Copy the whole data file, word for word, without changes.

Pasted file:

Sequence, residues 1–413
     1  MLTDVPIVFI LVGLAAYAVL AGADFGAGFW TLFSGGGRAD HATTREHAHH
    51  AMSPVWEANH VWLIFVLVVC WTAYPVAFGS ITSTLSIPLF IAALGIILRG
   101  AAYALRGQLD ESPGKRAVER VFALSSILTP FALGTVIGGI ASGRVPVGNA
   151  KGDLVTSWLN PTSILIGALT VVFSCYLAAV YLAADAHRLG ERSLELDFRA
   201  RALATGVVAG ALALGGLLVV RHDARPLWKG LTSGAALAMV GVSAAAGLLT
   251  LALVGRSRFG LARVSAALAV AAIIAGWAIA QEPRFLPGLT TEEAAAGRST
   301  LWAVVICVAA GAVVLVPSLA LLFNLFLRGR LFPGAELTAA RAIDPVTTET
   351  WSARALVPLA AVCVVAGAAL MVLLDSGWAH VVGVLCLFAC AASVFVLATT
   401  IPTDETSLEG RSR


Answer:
Sequence, residues 1–413
     1  MLTDVPIVFI LVGLAAYAVL AGADFGAGFW TLFSGGGRAD HATTREHAHH
    51  AMSPVWEANH VWLIFVLVVC WTAYPVAFGS ITSTLSIPLF IAALGIILRG
   101  AAYALRGQLD ESPGKRAVER VFALSSILTP FALGTVIGGI ASGRVPVGNA
   151  KGDLVTSWLN PTSILIGALT VVFSCYLAAV YLAADAHRLG ERSLELDFRA
   201  RALATGVVAG ALALGGLLVV RHDARPLWKG LTSGAALAMV GVSAAAGLLT
   251  LALVGRSRFG LARVSAALAV AAIIAGWAIA QEPRFLPGLT TEEAAAGRST
   301  LWAVVICVAA GAVVLVPSLA LLFNLFLRGR LFPGAELTAA RAIDPVTTET
   351  WSARALVPLA AVCVVAGAAL MVLLDSGWAH VVGVLCLFAC AASVFVLATT
   401  IPTDETSLEG RSR